Judge Rejects Gorbey’s Call for a Mistrial

Posted April 30, 2008 at 6:36pm

Michael Gorbey and his assisting counsel Wednesday called for a mistrial as prosecutors continued to build their case that Gorbey headed to the Supreme Court on Jan. 18 with a loaded shotgun in hand.

Gorbey’s assisting counsel, Eugene Ohm, said where Gorbey was headed wasn’t relevant because all of the charges against him focus on his possession of the shotgun and explosive materials — not on what he was planning to do with them.

“They are building a case on a conspiracy to commit terrorism,” Ohm said, referring to the prosecution’s efforts to detail Gorbey’s movements before he was arrested on Capitol Hill.

Capitol Police stopped Gorbey two blocks from the Supreme Court and allegedly found him carrying a shotgun, a sword and dozens of rounds of ammunition. Investigators later found explosive materials — made into an apparent bomb — in a truck that police believe Gorbey drove to Capitol Hill.

For possessing all those items, Gorbey faces 14 charges and, if convicted, possibly decades in jail.

D.C. Superior Court Judge Gregory Jackson rejected the mistrial request, explaining that prosecutors had to establish that it was Gorbey that afternoon who was walking near the Capitol outfitted in a military flak vest and camouflage pants, shotgun in hand.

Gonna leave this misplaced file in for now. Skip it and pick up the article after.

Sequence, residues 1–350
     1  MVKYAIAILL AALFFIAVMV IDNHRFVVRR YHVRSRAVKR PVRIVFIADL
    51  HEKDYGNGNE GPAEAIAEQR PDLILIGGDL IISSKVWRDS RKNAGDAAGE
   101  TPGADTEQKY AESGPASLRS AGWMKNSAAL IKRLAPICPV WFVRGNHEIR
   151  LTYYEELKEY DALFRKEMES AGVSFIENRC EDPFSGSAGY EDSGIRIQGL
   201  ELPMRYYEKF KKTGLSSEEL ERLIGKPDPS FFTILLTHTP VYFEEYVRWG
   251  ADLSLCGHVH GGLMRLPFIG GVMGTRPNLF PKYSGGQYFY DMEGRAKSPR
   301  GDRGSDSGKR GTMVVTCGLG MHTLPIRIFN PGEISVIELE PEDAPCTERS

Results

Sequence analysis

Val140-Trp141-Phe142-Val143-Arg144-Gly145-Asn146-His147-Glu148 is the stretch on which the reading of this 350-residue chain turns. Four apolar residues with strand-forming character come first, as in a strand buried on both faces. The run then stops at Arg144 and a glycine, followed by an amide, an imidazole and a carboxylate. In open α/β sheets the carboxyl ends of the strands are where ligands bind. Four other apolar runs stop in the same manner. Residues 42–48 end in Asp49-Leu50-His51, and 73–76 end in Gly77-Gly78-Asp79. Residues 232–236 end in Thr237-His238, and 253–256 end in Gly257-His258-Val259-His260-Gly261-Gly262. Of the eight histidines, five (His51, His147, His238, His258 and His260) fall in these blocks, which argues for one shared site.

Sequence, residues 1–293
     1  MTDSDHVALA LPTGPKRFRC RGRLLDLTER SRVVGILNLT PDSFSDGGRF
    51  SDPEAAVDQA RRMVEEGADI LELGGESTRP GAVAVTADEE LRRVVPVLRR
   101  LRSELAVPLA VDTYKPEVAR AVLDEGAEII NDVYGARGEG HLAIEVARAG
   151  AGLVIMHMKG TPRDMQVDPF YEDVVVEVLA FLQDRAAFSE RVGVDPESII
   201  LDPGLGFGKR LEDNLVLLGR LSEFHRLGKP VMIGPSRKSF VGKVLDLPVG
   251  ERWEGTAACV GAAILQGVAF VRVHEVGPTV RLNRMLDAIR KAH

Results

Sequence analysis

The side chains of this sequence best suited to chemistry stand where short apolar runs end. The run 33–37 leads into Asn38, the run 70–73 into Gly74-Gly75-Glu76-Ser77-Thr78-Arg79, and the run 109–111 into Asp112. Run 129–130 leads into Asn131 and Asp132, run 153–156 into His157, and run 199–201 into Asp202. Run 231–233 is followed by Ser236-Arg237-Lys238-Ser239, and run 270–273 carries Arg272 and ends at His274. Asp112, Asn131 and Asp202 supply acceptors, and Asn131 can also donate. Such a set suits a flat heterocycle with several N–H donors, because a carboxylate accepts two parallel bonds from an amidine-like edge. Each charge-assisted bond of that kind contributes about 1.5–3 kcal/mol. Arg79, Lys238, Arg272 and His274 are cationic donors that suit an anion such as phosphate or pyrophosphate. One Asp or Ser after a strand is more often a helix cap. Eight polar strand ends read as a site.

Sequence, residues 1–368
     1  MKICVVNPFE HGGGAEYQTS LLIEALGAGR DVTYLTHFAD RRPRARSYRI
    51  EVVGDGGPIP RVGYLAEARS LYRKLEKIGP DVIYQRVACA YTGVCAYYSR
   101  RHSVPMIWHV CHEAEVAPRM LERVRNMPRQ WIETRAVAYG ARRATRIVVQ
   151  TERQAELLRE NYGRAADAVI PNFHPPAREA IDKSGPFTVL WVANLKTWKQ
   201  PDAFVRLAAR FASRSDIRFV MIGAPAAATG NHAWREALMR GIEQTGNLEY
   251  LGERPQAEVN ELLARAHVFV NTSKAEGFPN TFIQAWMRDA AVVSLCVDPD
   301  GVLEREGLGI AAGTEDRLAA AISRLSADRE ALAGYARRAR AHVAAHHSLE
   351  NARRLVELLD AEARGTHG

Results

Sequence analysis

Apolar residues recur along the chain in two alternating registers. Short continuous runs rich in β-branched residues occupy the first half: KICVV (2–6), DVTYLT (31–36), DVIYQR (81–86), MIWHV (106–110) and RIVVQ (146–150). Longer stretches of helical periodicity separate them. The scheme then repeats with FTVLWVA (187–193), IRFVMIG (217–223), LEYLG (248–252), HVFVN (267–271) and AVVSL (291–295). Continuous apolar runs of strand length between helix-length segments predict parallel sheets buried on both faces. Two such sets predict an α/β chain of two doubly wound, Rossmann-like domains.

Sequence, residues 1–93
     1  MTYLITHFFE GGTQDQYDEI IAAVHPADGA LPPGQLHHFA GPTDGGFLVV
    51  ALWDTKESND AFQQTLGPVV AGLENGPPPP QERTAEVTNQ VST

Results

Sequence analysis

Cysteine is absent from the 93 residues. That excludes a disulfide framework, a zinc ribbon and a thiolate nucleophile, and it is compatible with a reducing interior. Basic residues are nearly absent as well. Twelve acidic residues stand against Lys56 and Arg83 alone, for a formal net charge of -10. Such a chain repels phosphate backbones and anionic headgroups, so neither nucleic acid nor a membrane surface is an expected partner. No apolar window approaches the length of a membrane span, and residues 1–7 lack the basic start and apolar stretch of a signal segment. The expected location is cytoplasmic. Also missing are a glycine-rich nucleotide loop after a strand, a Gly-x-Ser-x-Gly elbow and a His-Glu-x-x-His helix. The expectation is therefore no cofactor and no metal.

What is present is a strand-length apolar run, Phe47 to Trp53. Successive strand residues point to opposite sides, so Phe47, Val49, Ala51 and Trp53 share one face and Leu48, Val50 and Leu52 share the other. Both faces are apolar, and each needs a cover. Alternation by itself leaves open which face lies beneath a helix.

That’s because Gorbey’s line of questioning has repeatedly implied that there is a conspiracy against him and that there is no reason he should have been arrested.

The trial’s third day also included the testimony of Robert Neff, an acquaintance of Gorbey’s, who provided details of what Gorbey was doing on the morning of his arrest.

Dressed in tight jeans and sporting a handlebar mustache and gray ponytail, Neff testified Gorbey pulled up to his house in Remington, Va., at about 7 a.m. in a green Chevy pickup. Neff works for Gorbey’s cousin doing “tree work,” and he said Gorbey was hoping to help out that day — a job Gorbey does only occasionally.

But Gorbey used Neff’s phone to call a court in D.C. and asked to see a judge, Neff said.

“I kind of just looked around like, ‘What are you doing?’ You know?” Neff said.

Neff testified that Gorbey then got “loud all of the sudden” and told the person on the phone, “You tell that judge I will see him today.” Gorbey left soon after, and the next time Neff saw the green truck was that night on the evening news.

“I saw that truck and I said, ‘Oh no,” Neff said.

Assistant U.S. Attorney John Cummings said prosecutors expected to finish cross-examining their witnesses today or Monday. The trial will not be held on Friday.

Daniel Heim contributed to this report.